Ryan Breithaupt believes everyone deserves the same respect and dignity, and works tirelessly to bring the disabled out from the shadows of our society.
He works in the West Central Community Center's Special Education Program, integrating disabled adults into the community.
He says he's always been drawn to people with special needs. He considered being a teacher, but a serious accident 25 years ago derailed his plans.
"I took 7,620 volts of electricity, fell 30 feet, broke my pelvis in five places and died two or three times on Easter of 1989," Ryan said.
He was helping a little boy untangle his kit from a pole when a power line arched through the air and electrocuted him.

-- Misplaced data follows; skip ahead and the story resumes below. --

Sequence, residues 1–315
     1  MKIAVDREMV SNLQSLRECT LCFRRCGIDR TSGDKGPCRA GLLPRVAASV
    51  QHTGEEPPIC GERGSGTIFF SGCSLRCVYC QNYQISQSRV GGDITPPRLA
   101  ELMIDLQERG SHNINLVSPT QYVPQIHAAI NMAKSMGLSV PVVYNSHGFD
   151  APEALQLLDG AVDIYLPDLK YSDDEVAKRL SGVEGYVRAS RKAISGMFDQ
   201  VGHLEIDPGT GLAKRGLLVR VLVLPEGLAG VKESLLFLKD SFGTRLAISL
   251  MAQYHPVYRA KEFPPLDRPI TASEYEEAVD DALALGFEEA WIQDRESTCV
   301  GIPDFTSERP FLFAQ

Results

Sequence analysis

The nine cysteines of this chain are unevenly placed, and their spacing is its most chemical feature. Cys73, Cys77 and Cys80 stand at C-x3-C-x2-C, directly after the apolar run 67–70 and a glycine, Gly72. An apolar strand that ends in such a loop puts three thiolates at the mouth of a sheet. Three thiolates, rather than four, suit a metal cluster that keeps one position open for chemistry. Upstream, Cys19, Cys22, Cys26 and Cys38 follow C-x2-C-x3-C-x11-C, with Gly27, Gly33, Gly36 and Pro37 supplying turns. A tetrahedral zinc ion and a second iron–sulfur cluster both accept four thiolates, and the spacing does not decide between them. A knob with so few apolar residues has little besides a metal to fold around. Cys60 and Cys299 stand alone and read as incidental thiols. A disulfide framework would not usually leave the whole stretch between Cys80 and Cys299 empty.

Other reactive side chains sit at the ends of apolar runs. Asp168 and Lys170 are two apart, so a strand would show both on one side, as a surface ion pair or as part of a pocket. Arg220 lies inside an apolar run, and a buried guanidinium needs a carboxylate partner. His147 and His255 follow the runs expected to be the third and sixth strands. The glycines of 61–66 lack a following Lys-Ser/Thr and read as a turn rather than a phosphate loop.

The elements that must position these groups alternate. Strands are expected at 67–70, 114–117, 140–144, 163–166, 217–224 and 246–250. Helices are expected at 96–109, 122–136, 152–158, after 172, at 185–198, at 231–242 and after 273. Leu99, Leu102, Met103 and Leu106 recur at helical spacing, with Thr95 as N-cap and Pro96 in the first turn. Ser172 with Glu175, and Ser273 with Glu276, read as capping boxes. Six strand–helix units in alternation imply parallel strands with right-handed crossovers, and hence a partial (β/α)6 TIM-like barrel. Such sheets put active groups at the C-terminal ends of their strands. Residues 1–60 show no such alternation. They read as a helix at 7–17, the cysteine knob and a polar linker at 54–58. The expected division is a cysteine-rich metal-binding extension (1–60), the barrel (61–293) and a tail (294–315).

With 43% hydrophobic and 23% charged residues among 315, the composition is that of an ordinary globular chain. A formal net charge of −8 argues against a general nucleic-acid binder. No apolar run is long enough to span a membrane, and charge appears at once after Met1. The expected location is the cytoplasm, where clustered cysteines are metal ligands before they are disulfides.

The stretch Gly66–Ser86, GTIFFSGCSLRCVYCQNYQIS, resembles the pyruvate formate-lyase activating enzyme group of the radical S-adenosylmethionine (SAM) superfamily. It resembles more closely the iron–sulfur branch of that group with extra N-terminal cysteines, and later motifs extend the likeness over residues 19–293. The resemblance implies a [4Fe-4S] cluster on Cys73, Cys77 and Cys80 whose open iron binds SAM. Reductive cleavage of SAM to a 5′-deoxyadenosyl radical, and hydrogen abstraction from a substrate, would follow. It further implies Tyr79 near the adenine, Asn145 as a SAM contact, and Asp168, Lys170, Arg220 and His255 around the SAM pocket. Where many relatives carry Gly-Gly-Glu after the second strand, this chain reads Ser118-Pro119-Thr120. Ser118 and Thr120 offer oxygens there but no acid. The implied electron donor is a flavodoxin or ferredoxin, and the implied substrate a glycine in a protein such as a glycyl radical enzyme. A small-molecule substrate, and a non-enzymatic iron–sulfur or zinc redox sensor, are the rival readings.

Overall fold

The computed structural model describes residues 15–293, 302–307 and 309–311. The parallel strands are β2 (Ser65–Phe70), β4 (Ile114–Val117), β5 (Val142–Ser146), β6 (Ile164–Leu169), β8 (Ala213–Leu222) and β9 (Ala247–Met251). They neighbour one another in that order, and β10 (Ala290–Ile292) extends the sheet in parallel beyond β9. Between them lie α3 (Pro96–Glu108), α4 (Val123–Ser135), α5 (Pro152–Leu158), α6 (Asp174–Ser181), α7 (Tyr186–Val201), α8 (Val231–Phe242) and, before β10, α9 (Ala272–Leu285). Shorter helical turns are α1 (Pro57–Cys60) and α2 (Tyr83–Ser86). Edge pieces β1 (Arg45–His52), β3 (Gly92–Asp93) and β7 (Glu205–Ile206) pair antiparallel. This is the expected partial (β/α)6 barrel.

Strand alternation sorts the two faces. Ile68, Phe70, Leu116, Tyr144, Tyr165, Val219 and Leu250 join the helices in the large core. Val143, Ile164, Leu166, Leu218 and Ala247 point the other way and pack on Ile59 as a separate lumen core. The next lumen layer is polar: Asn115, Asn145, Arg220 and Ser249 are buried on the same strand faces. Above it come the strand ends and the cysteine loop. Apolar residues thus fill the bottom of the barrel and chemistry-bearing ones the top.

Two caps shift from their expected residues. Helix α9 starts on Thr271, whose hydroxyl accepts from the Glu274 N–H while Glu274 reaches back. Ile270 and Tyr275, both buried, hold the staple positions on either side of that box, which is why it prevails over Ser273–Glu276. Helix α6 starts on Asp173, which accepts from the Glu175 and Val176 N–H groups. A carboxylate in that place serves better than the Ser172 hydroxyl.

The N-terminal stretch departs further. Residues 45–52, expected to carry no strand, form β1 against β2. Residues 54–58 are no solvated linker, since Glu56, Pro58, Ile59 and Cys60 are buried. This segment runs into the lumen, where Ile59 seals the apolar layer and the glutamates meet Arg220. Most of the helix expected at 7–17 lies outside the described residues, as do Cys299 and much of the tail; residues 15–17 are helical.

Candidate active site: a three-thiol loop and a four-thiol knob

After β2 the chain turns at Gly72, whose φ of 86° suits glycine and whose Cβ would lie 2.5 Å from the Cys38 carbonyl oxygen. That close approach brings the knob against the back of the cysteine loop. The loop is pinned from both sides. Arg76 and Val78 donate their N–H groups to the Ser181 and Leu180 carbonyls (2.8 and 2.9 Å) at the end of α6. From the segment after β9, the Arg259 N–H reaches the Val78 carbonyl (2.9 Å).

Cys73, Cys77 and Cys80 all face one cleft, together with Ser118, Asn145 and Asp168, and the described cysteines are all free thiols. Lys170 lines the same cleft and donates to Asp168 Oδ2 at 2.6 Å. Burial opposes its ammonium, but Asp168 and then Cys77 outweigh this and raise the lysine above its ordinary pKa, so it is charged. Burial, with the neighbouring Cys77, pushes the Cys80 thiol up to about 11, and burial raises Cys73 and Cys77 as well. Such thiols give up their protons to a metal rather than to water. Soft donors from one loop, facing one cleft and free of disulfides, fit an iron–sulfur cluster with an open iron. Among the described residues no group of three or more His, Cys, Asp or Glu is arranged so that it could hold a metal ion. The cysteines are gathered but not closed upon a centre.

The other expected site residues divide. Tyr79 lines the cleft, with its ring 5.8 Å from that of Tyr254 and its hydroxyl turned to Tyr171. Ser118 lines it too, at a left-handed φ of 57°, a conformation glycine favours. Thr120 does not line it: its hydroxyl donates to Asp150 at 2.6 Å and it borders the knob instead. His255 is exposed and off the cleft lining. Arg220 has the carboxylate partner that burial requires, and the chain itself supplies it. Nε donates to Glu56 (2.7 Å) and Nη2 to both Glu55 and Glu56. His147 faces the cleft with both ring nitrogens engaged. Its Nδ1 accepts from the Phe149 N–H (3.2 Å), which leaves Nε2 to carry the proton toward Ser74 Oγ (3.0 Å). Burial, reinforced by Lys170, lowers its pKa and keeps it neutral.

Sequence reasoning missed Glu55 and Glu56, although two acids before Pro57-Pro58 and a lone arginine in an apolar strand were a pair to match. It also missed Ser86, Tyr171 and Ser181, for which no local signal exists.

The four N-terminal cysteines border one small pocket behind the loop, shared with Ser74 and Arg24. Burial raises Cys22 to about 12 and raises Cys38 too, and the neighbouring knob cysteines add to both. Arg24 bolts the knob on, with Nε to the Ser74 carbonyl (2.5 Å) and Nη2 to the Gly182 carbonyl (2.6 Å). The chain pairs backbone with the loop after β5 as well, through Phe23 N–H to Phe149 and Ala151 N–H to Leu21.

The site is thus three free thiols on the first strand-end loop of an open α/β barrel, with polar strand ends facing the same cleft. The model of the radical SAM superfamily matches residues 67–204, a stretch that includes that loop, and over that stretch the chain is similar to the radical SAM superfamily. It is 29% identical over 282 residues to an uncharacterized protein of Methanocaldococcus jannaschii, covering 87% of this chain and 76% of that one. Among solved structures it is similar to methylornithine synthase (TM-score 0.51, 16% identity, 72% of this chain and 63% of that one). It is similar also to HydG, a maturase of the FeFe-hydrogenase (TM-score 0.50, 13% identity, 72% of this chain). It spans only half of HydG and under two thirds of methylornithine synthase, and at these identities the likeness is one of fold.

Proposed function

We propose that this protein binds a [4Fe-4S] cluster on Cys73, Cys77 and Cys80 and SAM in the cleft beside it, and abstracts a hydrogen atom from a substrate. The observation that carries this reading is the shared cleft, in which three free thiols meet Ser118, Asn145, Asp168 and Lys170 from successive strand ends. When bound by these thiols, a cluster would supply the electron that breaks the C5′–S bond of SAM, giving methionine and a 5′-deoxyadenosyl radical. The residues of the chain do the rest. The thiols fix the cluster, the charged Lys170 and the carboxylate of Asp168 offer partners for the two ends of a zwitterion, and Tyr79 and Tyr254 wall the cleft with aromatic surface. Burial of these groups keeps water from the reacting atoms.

The accident sidelined Ryan for several years. He suffered from memory problems, severe depression and other mental issues. Ironically, the feelings of being lost and disabled eventually lead him to enroll in Spokane Falls' Special Ed program. His job at West Central was the first he applied for after graduating.
"This one little lady grabbed me and started - in her own little language - started praying for me. I couldn't really understand her, but when she was finished she said 'amen' and I was just, like, 'Oh my God, I'm staying here. This is it.'"
Ryan believes the one thing that everyone really needs is unconditional love.